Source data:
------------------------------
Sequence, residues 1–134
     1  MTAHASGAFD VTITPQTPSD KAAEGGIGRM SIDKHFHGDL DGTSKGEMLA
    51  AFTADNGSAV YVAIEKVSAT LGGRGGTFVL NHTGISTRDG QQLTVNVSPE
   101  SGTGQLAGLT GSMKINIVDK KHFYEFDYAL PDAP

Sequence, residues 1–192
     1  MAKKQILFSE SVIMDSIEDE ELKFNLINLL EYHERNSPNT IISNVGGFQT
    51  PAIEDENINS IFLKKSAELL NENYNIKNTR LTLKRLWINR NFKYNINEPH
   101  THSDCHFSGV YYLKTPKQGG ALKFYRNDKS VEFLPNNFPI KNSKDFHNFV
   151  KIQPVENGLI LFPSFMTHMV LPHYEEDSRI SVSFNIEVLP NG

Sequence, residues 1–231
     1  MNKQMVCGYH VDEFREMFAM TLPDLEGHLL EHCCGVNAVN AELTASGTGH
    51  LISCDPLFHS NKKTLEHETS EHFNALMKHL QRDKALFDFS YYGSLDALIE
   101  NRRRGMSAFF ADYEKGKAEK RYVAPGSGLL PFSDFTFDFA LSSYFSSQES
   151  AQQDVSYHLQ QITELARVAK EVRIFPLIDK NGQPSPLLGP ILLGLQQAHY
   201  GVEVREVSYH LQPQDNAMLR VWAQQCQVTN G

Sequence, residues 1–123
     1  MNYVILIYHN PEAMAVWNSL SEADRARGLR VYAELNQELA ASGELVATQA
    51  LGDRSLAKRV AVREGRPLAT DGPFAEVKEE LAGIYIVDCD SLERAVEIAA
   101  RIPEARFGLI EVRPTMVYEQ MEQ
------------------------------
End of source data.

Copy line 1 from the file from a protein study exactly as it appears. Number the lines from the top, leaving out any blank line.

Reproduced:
Sequence, residues 1–134